Around me were many green wooden crosses, crosses that had weathered many rains and dried in hot suns, and become wet again in mist and rain, or white and green in snow, or silvered in frost. They were all fragile and unstable as if put up for sport by children, and the winds had tumbled them so that they pointed at all angles, as it were, at every star in heaven. Round the necks of the crosses hung little ikons or artificial-flower wreaths, a prayer book, a shape, a token; and below, one read the legend:

Here lies buried the body of a slave of God.”

It was an ancient graveyard full of dead, and had served several little villages for a century or more. Its fresh dark earth exhaled an incense to the mind, a remembrance of tears and prayers.

Fast underground lie the poor joinered coffins, most of which the moujiks had made for themselves before they died. All the fair form and flesh has vanished away, and with them the personality and lovableness of those whose life’s limit was marked by these crosses. But to the Russian it is the cross planted upon the grave that nullifies the grave, signifying the triumph of Christ over death. No crosses are of stone, and the wood is for him the wood of the Tree of Life.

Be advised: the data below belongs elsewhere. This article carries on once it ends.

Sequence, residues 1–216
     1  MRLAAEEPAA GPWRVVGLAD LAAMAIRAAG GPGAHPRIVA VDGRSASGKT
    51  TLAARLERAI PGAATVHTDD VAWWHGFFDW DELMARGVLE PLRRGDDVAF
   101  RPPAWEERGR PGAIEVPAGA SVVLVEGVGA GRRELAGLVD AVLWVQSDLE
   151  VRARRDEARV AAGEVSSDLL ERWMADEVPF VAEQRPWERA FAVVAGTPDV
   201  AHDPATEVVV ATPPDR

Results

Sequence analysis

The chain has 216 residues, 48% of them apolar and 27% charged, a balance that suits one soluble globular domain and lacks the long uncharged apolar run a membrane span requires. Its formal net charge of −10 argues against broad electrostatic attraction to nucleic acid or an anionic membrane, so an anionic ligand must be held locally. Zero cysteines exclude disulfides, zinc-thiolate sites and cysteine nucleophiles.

For there are no dead in Russia … all who have passed the dark portal are alive for evermore.

Suddenly out of the mist a form emerged, as if the mist itself had taken form. An old woman, tall, and bent with age, came slowly forward, gathering sticks here and there as she walked. She did not notice me, but wandered to and fro among the graves. Then as I reflected what she might be doing, a grey-headed crow fluttered down from an unseen tree and balanced itself upon a cross in front of her. Whereupon she turned hurriedly from the bird of evil omen, and I saw that she was a worshipper at a grave. At some distance from me, where little rustic seats had been placed about a grey-green cross, a candle was burning, and a young woman was arranging some tribute upon the low mound—a wreath perhaps. I approached and recognised my neighbour who lives in the house facing the white church on the green.

I did not go nearer, but I saw they had planted a new Christmas tree before a grave, and they had hung it with little ornaments and candles. The old lady lit a little fire with the sticks she had gathered, and the young one, her daughter, spread out a cloth in which was a portion of cake from their Christmas table. They had come to share their rejoicing and their festival with one who had died, a daughter and a sister.